Brent crude fell $1.29, or 1.1 percent, to $117.74 a barrel at 1049 GMT and U.S. West Texas Intermediate (WTI) crude slid $1.80, or 1.6 percent, to $110.54 after both had dropped more than 2 percent the previous session.
Despite the fall, both benchmarks were heading for their first weekly gain in three weeks. Brent was on track for a 9 percent jump and WTI for a 6 percent rise as broader supply concerns sparked by Russia’s invasion of Ukraine underpinned the market.
Concerns were heightened after the Caspian Pipeline Consortium (CPC) terminal on Russia’s Black Sea coast stopped exports on Wednesday after being damaged by a storm.
The terminal partially resumed oil loadings on Friday, according to shipping data on Refinitiv Eikon.
The United States and Britain, both less reliant on Russian oil than the European Union, have imposed bans on Russian crude. The EU, which is heavily dependent on Russian oil and gas, faces a bigger dilemma over whether to impose sanctions on the sector.
“As the single largest buyer of Russian oil, the more rapidly Europe seeks to cut Russia’s imports, the higher global oil prices will rise,” J.P. Morgan analysts said in a note.
With global stockpiles at their lowest since 2014, analysts said the market remained vulnerable to any supply shock.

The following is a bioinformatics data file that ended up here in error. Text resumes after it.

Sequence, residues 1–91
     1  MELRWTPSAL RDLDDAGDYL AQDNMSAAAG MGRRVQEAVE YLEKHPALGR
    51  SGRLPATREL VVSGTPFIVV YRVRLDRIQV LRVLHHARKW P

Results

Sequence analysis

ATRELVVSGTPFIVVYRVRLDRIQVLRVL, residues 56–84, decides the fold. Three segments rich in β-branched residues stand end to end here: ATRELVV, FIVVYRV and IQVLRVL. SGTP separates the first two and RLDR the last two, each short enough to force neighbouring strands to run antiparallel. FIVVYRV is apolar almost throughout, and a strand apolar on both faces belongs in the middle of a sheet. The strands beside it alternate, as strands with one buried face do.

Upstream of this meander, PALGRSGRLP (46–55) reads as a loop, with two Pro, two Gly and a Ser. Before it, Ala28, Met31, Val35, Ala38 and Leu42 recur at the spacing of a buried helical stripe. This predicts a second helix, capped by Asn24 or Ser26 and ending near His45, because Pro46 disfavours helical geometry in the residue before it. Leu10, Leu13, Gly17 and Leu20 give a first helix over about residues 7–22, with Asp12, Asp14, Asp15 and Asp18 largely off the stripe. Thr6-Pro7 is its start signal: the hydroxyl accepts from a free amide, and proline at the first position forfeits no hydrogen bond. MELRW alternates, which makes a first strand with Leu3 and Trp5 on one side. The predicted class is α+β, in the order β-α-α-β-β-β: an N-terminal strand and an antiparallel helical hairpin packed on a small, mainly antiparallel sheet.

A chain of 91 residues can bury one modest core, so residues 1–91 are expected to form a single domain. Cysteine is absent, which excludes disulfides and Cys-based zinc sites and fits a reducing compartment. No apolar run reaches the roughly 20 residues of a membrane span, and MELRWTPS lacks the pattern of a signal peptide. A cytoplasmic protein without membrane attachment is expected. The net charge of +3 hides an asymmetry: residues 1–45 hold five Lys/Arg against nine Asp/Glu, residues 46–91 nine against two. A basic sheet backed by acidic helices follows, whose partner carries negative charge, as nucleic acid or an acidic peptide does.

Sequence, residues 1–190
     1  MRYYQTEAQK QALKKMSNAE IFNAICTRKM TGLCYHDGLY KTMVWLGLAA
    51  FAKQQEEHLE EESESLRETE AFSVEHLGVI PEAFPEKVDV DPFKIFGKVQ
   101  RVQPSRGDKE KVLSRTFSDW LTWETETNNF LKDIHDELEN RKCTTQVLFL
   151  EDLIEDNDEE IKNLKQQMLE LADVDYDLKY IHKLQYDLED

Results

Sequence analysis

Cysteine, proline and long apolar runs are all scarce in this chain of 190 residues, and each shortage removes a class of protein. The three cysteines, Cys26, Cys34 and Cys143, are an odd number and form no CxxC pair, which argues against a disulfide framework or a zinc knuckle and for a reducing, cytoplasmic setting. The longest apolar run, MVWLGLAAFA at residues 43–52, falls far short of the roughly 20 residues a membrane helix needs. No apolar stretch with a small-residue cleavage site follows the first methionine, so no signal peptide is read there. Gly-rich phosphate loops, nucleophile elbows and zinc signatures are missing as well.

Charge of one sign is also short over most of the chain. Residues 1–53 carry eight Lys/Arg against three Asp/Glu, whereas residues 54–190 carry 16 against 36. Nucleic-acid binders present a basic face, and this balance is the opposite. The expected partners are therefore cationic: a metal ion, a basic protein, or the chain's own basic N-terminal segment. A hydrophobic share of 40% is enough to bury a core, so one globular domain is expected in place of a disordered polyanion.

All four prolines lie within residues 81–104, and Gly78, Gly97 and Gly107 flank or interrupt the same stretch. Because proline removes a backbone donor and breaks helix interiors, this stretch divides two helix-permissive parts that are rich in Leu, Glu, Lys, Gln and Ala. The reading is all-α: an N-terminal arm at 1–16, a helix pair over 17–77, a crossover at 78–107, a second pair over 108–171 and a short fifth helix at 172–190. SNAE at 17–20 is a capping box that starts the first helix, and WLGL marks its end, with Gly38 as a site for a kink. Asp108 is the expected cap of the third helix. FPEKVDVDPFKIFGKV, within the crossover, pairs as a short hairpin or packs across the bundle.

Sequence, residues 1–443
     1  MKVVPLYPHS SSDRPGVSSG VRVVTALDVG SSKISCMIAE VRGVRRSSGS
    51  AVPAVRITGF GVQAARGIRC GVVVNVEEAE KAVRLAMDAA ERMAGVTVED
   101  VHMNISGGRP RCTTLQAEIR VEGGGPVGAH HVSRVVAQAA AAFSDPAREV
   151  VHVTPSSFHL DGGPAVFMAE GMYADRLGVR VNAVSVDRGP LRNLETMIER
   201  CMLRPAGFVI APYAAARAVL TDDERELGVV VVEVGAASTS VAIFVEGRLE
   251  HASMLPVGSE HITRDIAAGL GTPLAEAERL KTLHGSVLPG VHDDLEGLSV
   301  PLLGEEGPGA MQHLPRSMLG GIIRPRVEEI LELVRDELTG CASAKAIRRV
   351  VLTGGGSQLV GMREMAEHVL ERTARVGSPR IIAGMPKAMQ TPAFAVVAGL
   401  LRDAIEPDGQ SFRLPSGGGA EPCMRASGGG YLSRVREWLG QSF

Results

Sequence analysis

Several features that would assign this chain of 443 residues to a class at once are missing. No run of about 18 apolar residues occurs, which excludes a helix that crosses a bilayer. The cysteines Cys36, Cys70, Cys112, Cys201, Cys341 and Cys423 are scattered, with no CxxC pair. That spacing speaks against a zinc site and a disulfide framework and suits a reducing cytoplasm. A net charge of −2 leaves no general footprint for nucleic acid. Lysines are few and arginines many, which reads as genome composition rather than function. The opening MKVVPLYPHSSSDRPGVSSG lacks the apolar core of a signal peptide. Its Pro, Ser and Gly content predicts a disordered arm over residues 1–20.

Prices were also pressured by the potential for another coordinated release of oil from storage by the United States and its allies to help to calm oil markets.
Responding to market volatility, the Intercontinental Exchange (ICE) raised margins for Brent futures by 19 percent for the May contract from Friday, the third rise this year.
Futures margin rates are increased when markets are volatile and the move makes transactions more expensive because it forces traders to increase the deposit they hold at the exchange for each contract to prove they can deliver on obligations.
In a bid to ease gas supply worries, the United States said it will work to ensure additional liquefied natural gas (LNG) volumes for the EU market of at least 15 billion cubic meters (bcm) in 2022, with increases expected in the future.
By Ahmad Ghaddar